Pseudophryne bibronii


Taxonomy [top]

Kingdom Phylum Class Order Family

Scientific Name: Pseudophryne bibronii
Species Authority: Günther, 1859
Common Name(s):
English Bibron’s Toadlet, Brown Toadlet

Assessment Information [top]

Red List Category & Criteria: Near Threatened ver 3.1
Year Published: 2004
Date Assessed: 2004-04-30
Assessor(s): Jean-Marc Hero, Graeme Gillespie, Frank Lemckert, Murray Littlejohn, Peter Robertson
Reviewer(s): Global Amphibian Assessment Coordinating Team (Simon Stuart, Janice Chanson and Neil Cox)
Listed as Near Threatened because this species is probably in significant decline (but probably at a rate of less than 30% over ten years) because of widespread habitat loss through much of its range, and also due to unexplained causes, thus making the species close to qualifying for Vulnerable.
2002 Data Deficient
1994 Insufficiently Known (Groombridge 1994)

Geographic Range [top]

Range Description: This Australian endemic is found from the south-east corner of Queensland, along the east coast of New South Wales, and into central Victoria and South Australia (including Kangaroo Island), from 20-1,000m asl.
Range Map: Click here to open the map viewer and explore range.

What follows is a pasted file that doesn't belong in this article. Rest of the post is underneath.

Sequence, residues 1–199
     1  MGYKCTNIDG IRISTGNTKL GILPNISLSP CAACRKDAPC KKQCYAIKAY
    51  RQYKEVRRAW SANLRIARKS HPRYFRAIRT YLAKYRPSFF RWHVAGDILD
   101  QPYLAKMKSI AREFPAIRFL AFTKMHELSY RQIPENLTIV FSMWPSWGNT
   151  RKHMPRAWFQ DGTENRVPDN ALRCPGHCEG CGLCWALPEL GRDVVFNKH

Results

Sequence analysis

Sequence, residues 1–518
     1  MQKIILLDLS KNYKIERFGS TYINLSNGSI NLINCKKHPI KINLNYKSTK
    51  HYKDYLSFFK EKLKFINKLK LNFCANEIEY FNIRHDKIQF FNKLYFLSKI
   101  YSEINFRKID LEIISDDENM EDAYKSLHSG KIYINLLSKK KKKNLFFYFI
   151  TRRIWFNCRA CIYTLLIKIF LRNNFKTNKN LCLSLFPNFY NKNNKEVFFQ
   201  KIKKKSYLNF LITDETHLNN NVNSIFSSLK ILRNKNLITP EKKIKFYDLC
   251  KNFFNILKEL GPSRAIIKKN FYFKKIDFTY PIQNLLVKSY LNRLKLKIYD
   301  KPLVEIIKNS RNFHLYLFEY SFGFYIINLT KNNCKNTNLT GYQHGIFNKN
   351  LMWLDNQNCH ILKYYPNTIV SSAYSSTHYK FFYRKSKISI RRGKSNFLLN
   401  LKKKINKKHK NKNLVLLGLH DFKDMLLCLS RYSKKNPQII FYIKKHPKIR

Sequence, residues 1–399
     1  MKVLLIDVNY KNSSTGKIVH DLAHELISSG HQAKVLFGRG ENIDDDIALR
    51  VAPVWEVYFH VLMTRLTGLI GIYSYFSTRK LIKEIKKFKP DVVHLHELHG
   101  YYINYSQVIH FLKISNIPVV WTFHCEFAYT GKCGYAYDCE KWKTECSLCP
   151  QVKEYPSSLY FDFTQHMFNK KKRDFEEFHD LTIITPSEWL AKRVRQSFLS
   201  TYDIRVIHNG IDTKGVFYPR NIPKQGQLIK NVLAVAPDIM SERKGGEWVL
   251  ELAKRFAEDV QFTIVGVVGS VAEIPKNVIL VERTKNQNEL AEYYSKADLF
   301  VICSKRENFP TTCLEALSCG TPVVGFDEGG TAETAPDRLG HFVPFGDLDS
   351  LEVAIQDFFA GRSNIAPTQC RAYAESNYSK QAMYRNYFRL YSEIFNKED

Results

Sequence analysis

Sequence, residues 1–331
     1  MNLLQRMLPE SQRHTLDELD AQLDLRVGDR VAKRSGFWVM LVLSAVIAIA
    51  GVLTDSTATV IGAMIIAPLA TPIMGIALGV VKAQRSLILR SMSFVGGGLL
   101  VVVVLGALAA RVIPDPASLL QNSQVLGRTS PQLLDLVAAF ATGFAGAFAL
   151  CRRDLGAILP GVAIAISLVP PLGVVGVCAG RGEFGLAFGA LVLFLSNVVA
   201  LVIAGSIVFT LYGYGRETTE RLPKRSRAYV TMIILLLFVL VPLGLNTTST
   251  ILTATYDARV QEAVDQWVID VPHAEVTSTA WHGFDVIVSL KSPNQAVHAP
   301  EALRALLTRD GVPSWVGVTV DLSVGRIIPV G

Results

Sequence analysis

Population [top]

Population: It was considered to be the most common and widespread member of its genus, but populations have appeared to decline in some areas in recent years.
Population Trend: Decreasing

Habitat and Ecology [top]

Habitat and Ecology: This species is found in dry forest, woodland, shrubland and grassland, and shelters under leaf-litter and other debris in moist soaks and depressions. Calling is from February to August and frogs have been noted calling in temperatures of only 4°C. Between 70 and 200 large eggs are deposited terrestrially on damp leaf mould, in shallow nests or under stones and logs near water, and these hatch after rain floods the area and provides pools for larvae. Metamorphosis takes three to seven months.
Systems: Terrestrial; Freshwater

Threats [top]

Major Threat(s): The major threat to this species is habitat loss due to transport infrastructure development and agriculture (including cultivation of crops and livestock rearing). Increasing water salinity is also a problem. However, the specific reasons for the many declines are not known.

Conservation Actions [top]

Conservation Actions: There are no conservation measures in place for this species, apart from its habitat being protected when it occurs in national parks and state forests. The causes of the recent declines need to be identified.

Citation: Jean-Marc Hero, Graeme Gillespie, Frank Lemckert, Murray Littlejohn, Peter Robertson 2004. Pseudophryne bibronii. The IUCN Red List of Threatened Species. Version 2014.3. <>. Downloaded on 28 March 2015.
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